When I first started self-publishing my books I had a HUGE backlist of articles. I had six years of newsletters and blogging under my belt. When I did an inventory, I discovered I already had 20 campfire stories, 90 recipes, 12 articles about trout fishing, and 30 camping articles.
I took the content I already had written to create:
- 2 books of campfire stories, fifteen stories each (I wrote ten new stories)
- 3 cookbooks of 33 recipes each (I had to create about five recipes to fit into my categories)
- 1 book about trout fishing (about 30% new content to fill in the gaps)
- 1 book about beginning tent camping (about 40% new content to fill in the gaps)
I then created my blog’s calendar so that I was writing a new campfire story every month; I published my third book of campfire stories six months later. (Many of the stories can ONLY be found in the book.)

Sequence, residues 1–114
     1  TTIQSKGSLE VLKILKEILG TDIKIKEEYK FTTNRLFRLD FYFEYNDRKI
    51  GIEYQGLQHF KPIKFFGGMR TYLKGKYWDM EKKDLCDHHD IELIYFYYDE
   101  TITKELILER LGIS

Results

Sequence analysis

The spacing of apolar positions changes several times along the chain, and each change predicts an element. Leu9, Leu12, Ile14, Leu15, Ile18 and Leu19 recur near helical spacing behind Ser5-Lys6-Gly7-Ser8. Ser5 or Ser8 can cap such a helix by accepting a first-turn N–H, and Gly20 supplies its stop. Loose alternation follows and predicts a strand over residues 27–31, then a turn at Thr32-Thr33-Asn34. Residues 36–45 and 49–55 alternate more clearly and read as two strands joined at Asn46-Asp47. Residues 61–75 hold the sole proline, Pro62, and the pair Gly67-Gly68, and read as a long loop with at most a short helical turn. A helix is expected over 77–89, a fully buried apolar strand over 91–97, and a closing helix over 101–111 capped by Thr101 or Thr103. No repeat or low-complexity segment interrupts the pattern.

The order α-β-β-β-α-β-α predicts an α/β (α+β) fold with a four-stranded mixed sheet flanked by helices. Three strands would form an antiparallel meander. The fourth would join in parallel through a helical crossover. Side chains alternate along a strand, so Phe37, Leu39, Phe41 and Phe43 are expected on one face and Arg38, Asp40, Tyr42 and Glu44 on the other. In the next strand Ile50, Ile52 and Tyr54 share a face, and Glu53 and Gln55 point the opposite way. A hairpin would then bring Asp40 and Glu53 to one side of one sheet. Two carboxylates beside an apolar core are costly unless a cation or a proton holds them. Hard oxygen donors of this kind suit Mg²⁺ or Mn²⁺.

I’ve published an additional 20 new recipes; I’ll have a fourth cookbook late spring.
And then there’s this blog: I put the eventual book(s) plan into place before I posted a single article. I’m looking long-term and making sure all my “crushed blocks” are moving me closer toward my next book.
And now, I’m off to download Angry Birds!
Do you ever have one of those projects that you just struggle and struggle with? The type that no matter what you seem to do, it just keeps falling apart?
When I’m working on a writing project, 95% of the time, it just flows. Pretty much effortlessly. (It’s okay, you can hate me now!) But I’ve come to realize that when a writing project DOESN’T flow, it usually mean that something isn’t working in the pre-work of the project.
Here are my seven tips when a project isn’t working:
1. Do you have all your research compiled?
A lot of the time, when I’m fighting the words, it’s because I haven’t researched my material enough to know where I’m going. This research may be the typical type: Googling facts, reading articles, blogs, magazines, and books, interviewing experts. Or it may be the thought exercises of thinking, outlining, and planning.
2. Are you hungry? Thirsty? Tired?